• Measuring the value of each media spend.

Demonstrating the Value of Data to Digital Channels

One of the more surprising and counter-intuitive findings of this report is that a large, even disproportionate amount of the data-driven economy is takes place in the off-line, non-digital economy. The authors account for this by explaining that the fees associated with audience classification and assembly in the offline world are significantly higher, not that digital channels are any less data-driven. The authors find that the comparison of email marketing and direct mail helps "illustrate a general insight into the overall efficiencies produced throughout the DDME."

The report finds, "Email's virtue is that the marginal cost of delivery is virtually zero. Yet the study found its net value added at $1 billion, suggesting a paradoxically low level of expenditure by marketers on such an inherently attractive medium. By contrast, direct mail with its reportedly lower return on investment was found in this report to have a net value added of an order of magnitude larger than that of email."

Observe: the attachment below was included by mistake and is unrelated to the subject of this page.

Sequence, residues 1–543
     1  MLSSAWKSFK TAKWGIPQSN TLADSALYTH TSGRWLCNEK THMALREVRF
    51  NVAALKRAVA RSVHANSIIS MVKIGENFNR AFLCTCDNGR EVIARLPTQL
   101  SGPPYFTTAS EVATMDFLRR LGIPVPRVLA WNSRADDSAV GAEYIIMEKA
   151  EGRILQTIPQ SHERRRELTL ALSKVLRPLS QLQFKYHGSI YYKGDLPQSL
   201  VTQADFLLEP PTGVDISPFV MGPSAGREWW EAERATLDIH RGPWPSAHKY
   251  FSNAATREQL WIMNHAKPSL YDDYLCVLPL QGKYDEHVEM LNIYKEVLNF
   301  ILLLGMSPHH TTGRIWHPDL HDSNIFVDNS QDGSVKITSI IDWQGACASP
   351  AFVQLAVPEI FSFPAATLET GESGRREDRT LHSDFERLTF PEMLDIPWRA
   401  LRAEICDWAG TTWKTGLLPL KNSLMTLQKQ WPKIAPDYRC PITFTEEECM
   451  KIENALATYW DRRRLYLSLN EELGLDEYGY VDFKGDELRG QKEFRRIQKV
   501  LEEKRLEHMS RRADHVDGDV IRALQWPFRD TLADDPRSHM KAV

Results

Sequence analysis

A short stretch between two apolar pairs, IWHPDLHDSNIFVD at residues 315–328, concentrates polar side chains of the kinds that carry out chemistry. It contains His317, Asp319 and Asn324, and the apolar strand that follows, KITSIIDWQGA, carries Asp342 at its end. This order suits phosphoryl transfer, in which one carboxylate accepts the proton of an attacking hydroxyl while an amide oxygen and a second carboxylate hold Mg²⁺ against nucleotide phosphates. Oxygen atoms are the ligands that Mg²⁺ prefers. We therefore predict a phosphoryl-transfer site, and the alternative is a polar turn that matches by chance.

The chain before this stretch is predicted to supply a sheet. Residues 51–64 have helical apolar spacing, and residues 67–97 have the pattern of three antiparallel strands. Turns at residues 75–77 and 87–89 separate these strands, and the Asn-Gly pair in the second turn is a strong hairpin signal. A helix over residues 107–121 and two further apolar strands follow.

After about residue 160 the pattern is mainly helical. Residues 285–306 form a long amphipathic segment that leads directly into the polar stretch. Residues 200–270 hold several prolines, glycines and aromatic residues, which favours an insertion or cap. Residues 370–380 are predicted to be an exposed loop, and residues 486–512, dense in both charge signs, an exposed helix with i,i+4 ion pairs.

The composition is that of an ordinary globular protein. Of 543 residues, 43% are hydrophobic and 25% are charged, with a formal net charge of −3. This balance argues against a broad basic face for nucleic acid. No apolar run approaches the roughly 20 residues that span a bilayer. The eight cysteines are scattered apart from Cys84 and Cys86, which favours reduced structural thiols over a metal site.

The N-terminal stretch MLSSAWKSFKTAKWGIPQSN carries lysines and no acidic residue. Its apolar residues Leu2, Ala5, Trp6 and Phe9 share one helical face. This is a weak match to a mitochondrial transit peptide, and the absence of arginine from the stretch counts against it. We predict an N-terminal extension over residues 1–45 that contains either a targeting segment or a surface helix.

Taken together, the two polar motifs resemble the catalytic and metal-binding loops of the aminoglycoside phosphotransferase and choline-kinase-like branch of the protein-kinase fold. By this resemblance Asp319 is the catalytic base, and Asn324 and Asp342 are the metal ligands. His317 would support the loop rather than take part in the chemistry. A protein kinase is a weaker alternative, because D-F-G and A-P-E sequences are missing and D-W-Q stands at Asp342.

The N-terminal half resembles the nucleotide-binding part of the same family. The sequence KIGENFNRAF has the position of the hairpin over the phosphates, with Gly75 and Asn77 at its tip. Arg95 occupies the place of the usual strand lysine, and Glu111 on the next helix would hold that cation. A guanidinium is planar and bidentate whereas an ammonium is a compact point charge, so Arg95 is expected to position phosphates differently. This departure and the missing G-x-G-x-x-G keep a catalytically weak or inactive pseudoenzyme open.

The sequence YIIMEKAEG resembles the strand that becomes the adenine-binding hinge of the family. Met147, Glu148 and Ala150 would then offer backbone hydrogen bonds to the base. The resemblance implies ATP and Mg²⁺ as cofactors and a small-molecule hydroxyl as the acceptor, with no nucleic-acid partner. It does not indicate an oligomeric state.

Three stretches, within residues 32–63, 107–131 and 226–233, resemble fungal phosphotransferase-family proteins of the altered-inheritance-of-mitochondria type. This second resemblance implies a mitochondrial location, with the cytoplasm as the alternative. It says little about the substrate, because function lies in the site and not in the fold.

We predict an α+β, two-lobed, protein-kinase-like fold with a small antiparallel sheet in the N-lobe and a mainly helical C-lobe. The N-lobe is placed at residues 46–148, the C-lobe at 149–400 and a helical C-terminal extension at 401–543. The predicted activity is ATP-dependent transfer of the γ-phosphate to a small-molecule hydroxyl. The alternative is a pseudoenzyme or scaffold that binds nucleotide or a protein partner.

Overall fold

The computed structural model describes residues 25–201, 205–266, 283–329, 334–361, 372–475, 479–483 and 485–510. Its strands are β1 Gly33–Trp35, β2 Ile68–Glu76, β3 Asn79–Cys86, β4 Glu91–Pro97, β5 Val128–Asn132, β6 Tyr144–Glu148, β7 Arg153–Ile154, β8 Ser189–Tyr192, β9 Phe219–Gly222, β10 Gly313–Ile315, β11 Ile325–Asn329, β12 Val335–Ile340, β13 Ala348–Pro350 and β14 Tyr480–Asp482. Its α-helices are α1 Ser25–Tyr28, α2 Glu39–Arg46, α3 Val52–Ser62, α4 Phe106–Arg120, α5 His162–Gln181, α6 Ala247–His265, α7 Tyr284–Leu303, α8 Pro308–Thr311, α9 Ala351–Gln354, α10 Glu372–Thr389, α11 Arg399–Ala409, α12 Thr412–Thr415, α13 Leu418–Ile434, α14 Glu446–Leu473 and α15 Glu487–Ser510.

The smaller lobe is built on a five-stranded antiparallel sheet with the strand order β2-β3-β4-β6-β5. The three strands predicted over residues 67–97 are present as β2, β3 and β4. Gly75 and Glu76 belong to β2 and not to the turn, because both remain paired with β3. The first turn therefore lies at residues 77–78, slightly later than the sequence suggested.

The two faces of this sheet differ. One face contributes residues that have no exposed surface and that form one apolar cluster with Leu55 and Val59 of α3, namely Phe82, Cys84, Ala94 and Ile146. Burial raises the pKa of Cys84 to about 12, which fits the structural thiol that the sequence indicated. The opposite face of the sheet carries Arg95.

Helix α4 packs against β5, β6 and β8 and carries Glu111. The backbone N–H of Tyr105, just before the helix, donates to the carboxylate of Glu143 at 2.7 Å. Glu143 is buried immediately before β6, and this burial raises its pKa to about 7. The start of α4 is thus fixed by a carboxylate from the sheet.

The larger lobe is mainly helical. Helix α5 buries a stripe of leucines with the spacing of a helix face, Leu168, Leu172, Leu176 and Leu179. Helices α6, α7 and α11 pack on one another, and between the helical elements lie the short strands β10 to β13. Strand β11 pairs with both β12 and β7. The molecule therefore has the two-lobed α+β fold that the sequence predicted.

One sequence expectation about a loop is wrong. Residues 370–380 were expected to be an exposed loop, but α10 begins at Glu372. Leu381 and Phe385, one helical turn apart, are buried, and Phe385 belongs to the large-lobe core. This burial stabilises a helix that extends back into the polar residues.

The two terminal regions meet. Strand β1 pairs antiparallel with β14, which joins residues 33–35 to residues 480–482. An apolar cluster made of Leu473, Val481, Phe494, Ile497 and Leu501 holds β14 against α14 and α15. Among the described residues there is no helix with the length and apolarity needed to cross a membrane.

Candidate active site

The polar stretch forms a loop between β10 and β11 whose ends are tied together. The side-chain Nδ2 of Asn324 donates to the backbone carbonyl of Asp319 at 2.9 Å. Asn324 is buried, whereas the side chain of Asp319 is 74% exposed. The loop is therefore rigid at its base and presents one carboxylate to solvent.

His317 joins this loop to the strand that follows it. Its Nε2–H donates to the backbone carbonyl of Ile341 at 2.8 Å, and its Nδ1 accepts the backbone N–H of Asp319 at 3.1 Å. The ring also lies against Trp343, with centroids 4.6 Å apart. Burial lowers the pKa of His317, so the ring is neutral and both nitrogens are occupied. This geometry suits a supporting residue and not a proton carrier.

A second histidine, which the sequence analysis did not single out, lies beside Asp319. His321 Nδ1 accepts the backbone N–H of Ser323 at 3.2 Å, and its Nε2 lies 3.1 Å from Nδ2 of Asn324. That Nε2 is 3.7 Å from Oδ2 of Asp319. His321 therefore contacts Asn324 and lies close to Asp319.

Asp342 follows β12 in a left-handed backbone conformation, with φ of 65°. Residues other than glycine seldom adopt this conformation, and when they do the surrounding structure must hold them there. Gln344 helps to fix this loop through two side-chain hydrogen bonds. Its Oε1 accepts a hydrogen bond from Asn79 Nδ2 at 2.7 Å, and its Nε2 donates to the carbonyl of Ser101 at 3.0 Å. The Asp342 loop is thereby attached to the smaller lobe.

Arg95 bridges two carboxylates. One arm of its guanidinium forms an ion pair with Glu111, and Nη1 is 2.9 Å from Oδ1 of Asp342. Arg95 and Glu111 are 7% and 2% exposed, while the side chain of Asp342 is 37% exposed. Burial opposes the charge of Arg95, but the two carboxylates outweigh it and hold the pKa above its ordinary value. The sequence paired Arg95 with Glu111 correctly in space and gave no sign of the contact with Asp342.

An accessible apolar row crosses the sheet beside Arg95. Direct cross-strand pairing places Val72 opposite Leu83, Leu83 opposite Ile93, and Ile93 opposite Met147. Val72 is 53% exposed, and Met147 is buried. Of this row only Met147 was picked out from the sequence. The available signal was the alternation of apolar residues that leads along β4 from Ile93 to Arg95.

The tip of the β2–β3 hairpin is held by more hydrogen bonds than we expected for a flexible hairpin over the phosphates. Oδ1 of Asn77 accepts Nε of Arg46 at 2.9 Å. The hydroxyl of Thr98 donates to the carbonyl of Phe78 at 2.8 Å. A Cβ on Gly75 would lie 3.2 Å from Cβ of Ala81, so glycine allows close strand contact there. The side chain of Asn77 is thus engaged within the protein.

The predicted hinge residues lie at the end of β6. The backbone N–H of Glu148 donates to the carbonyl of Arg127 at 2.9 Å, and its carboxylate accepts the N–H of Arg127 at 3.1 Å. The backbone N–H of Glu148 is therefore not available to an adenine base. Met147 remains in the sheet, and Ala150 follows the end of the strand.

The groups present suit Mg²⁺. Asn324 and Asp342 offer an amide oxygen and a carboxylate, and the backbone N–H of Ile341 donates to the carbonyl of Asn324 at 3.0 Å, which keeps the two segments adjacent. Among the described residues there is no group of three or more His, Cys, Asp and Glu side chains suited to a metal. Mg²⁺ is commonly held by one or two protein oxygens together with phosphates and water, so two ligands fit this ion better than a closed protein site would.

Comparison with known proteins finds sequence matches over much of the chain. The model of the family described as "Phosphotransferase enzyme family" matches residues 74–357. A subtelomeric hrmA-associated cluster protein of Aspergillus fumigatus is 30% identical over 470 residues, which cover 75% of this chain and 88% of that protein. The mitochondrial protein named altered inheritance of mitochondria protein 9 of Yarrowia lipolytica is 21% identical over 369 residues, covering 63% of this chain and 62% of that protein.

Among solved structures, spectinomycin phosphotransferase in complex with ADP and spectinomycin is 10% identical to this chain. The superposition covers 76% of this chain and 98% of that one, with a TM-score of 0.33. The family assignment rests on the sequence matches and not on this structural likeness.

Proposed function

Moving Conversations from Fear to Fact

Third, we need to protect our data-driven way of life. In our increasingly pressured policy environment, where Congress, state legislators and regulators want to restrict marketers use of data for marketing purposes, this study also definitively shows that regulation restricting the responsible use of data would impact innovation, small businesses, jobs and economic growth... and harm the U.S. Economy.

Check out the full study and share your impressions of the findings in the comments.

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ABOUT THE AUTHOR

Stephanie Miller

Stephanie Miller is a relentless customer advocate and a champion for marketers creating memorable online experiences. A digital marketing expert, she helps responsible data-driven marketers connect with the people, resources, and ideas they need to optimize response and revenue. She speaks and writes regularly and leads many industry initiatives as VP, Member Relations and Chief Listening Officer at the Direct Marketing Association (www.the-dma.org). Feedback and column ideas most welcome, to smiller AT the-dma DOT org or @stephanieSAM.